When I read the recent news that Swedish 16-year-old old climate activist Greta Thunberg was nominated for the Nobel Peace Prize, I felt confident about the future. Finally, people were rewarding the youth’s fight for immediate climate action. With the UN Intergovernmental Panel on Climate Change (IPCC) declaring that the planet will reach the critical threshold of warming 1.5 degrees Celsius by 2030, we don’t have a lot of time to be complacent. Numerous media outlets, such as The Guardian, National Geographic, Time and even a dedicated climate and environment section in The New York Times eagerly report about this new wave of youth activism.
Throughout these articles, one theme is prevalent. The young generation is in; the older generations are out. This is not the way we should view climate action — or any progressive social movement for that matter. Climate change is, without a doubt, the biggest threat to humanity. With no guarantee that future generations will inherit a liveable Earth, we cannot lose the support of older generations in the fight against climate change.
Young people have already made strides in climate activism for some time. In general, younger generations such as Millennials and Generation Z are more likely to believe that climate change is caused by human activity. In particular, members of Generation Z garner the most attention for their climate activism. As I mentioned, there has been much excitement and optimism following the news that Greta Thunberg was nominated for the Nobel Peace Prize. Other Global youth climate activists are also enjoying the spotlight, such as Ugandan 14-year-old climate activist organizer Leah Namugerwa. Here in LA, youth activists last month took part in a global school walkout. This momentum should encourage everyone to take more action to address climate change.
While seeing young people take action against climate change brings me hope for our future, it’s missing one key aspect: the experience of the generations that came before us. Our parents and grandparents should be hand in hand in the streets with us when we demand climate action. There is no doubt that past generations created climate change, especially by failing to take action on the matter when it was first presented to Congress in 1988. However, past generations also took to the streets to raise awareness for issues of their day. Perhaps you have had a grandparent that marched for civil rights in the 1960s or refused to be drafted in the Vietnam War. Even our parents, who we group in the apathetic Generation X cohort, found their own sense of activism through the cultural rebellions that defined the 1980s and 1990s. No matter what kind of activism older generations may have been involved in — no matter how grand or trivial, historical or forgetful, visible or invisible — those who came before us found ways go against what they viewed as unjust. They helped put us in this mess, and they will be the ones to help us get out of it.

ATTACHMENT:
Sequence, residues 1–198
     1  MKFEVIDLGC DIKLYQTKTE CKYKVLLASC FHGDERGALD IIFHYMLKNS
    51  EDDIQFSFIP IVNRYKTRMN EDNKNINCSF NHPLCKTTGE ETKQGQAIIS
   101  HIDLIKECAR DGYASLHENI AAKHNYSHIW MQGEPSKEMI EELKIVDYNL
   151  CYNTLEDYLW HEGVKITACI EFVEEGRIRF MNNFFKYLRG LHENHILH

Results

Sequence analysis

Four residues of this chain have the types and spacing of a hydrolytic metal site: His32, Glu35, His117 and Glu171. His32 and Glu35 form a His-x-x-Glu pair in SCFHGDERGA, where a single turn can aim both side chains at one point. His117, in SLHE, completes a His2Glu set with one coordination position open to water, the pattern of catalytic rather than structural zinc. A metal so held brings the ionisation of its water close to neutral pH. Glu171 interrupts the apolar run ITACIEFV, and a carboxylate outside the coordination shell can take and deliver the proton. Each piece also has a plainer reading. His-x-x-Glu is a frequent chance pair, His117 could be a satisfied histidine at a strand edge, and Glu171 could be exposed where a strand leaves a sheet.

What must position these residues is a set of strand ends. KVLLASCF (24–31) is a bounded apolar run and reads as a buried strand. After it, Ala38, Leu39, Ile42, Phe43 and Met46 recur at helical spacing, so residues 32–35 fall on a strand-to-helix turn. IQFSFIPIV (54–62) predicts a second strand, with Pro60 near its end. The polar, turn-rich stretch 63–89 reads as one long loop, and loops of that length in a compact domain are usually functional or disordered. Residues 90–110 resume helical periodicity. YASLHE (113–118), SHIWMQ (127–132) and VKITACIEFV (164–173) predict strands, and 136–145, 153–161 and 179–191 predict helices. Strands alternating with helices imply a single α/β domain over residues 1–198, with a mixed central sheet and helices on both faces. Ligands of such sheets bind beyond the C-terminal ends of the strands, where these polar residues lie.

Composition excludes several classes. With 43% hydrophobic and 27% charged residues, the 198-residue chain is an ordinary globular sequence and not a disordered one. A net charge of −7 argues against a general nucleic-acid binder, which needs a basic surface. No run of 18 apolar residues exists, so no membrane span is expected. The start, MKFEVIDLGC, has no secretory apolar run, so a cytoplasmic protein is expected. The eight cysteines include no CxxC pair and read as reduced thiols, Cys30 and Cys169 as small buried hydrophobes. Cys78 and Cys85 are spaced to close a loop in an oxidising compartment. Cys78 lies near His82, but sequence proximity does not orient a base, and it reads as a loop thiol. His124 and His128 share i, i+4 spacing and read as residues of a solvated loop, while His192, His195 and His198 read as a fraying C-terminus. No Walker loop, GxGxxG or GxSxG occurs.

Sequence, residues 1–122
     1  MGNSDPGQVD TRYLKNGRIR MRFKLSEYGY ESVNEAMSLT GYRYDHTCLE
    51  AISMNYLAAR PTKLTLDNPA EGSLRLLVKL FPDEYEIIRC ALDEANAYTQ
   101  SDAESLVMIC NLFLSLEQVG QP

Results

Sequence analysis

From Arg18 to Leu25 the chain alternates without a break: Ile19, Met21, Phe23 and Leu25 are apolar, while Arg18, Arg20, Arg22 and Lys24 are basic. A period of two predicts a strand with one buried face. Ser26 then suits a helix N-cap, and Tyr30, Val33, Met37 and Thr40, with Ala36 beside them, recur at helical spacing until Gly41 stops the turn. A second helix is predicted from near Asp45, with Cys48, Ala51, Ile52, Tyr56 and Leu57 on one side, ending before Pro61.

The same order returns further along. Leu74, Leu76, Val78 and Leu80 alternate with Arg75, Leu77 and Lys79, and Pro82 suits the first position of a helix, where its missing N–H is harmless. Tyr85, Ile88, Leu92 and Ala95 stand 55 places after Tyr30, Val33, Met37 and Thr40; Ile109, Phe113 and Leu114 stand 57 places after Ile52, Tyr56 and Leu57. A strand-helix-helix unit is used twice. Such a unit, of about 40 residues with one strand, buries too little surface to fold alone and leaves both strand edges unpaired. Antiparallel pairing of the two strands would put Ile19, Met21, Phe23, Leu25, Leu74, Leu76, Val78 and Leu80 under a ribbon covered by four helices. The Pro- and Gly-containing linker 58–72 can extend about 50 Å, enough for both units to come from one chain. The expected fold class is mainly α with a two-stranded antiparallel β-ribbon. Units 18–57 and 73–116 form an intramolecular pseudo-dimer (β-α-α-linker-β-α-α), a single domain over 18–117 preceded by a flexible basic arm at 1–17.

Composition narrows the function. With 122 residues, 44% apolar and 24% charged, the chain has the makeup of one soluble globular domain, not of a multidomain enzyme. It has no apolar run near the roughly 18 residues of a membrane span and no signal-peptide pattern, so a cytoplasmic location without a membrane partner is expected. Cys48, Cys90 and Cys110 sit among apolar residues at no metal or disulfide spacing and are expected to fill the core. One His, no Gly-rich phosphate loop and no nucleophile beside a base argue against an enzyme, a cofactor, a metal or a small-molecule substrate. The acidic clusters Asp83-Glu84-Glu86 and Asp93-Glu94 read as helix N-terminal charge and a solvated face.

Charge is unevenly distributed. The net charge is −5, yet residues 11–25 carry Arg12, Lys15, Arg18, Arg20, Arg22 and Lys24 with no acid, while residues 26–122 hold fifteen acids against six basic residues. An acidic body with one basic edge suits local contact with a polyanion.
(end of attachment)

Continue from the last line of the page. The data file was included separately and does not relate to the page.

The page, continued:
Some may argue that it’s not our responsibility to include older generations in our activism; if older generations truly cared about issues that affect our future, they would be doing more to fight for that future now. Although this statement is somewhat true, it goes against one of the most powerful aspects of activism: inclusion. We cannot have true climate activism until we do our part to include everyone into the movement, and we have the resources to do so.
We are the most connected generation in history. We grew up during the rise of YouTube and Facebook. We went through our teens discovering new music on Spotify while scrolling through Instagram. Young people today saw the world’s endless realms of knowledge and despair through the screens of their smartphones. We should be using such a tool to not only educate and coordinate ourselves in this fight for a sustainable future but do the same for our parents and their parents. Instead of casting away older generations, we should hear what they want to learn and how they want to get involved, then provide them with the platform and tools to do so.
We have 11 years before 2030. Let’s spend them rallying for our future hand-in-hand with those who have fought for justice before.
Aerex Narvasa is an undeclared first year. He can be reached at firstname.lastname@example.org.